Newburgh Rear-End Collision Leads to Judgment Against Defendant as a Matter of Law
In the case of Garry and Diane Fowler v. Batiste Tucker and Omar and Mary Stringfield, we represented the Fowlers, who were injured in a three-car collision on Route 17K in the Town of Newburgh. Our clients were heading west on Route 17K, and the defendants were heading east. The Stringfields had stopped on the road and were waiting for traffic to clear so they could make a left turn into a gas station. They were rear-ended by Tucker, and the force of the impact propelled their vehicle into the westbound lane, where it collided with our clients’ vehicle.
Before trial, we filed a motion for summary judgment on the issue of liability, asking the judge to rule as a matter of law that the defendants were negligent and liable for the injuries they caused. At the same time, the Stringfields filed a cross-motion for summary judgment to dismiss them from the complaint, which would leave Batiste Tucker as the sole remaining defendant.
Judge Ritter of the New York Supreme Court, Orange County, granted both motions. On the issue of liability, it is well-settled that when one car rear-ends a stopped vehicle, the driver who rear-ended the other car is presumed to be negligent, unless the driver can show some non-negligent reason for the crash.
In this case, the reason Tucker offered was that he was blinded by extreme sun glare and never saw the Stringfields’ vehicle. However, he also testified that prior to the accident he had been following another vehicle at 40 miles per hour and a distance of one car length, which the court clearly found to be an unsafe following distance. Also, the Stringfields testified that at least one other car passed them while they were stopped, so presumably Tucker should have been able to do the same thing as well. For these reasons, the judge held that Tucker was liable to our clients as a matter of law.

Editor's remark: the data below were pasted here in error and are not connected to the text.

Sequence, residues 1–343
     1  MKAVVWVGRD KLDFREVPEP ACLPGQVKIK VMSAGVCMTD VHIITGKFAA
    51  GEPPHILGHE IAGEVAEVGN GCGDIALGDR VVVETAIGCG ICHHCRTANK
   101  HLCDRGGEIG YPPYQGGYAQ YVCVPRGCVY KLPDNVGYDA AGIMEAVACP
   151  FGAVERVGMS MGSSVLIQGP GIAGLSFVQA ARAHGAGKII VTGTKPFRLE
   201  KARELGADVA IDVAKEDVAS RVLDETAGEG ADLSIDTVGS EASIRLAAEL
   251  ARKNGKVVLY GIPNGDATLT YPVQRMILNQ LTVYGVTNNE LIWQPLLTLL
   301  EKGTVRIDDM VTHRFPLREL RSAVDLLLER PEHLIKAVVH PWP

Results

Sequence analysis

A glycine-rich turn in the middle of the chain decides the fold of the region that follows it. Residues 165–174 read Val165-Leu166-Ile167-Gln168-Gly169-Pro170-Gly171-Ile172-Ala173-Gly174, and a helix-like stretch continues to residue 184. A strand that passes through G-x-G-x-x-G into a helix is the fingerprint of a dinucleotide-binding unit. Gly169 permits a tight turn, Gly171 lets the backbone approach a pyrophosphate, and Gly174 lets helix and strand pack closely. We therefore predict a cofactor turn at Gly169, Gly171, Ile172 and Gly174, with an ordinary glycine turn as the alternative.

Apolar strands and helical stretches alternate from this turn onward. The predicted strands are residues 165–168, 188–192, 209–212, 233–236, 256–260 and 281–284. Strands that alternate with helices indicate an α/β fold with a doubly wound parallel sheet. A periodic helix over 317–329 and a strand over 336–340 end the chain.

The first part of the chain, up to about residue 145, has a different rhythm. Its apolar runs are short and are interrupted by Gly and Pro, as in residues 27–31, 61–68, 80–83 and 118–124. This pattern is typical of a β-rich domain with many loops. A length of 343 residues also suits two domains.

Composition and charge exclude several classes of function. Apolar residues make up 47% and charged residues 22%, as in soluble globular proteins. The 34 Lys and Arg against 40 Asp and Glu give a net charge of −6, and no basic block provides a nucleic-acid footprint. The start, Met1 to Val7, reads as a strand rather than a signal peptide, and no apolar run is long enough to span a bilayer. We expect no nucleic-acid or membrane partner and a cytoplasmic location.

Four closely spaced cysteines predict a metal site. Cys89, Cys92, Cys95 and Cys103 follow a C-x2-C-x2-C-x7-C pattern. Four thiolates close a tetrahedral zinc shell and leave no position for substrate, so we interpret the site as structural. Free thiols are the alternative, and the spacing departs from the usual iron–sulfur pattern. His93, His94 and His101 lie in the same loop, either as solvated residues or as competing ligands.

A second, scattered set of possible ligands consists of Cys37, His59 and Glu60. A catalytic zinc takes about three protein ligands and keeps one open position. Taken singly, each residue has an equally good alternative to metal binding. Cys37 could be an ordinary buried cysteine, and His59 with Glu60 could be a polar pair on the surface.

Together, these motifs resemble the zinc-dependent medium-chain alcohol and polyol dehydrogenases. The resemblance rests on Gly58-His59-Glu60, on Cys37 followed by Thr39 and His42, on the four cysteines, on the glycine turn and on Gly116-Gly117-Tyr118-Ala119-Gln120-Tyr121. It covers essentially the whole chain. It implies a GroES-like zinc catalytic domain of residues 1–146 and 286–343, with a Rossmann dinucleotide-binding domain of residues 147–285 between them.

We had also sued the Stringfields for negligence, since our clients testified that the Stringfields’ vehicle was stopped with its tires on the double yellow line with the wheels turned to the left, and this position helped propel the vehicle across the double yellow and into oncoming traffic when it was hit. The court did not agree that this was necessarily negligent, and regardless felt that Tucker’s own negligence “superseded” any possible negligence on the Stringfields’ part.
The judge therefore dismissed the Stringfields from the lawsuit. With a judgment of liability against Tucker as a matter of law, all that was left was to determine the amount of money damages this defendant owed to our clients.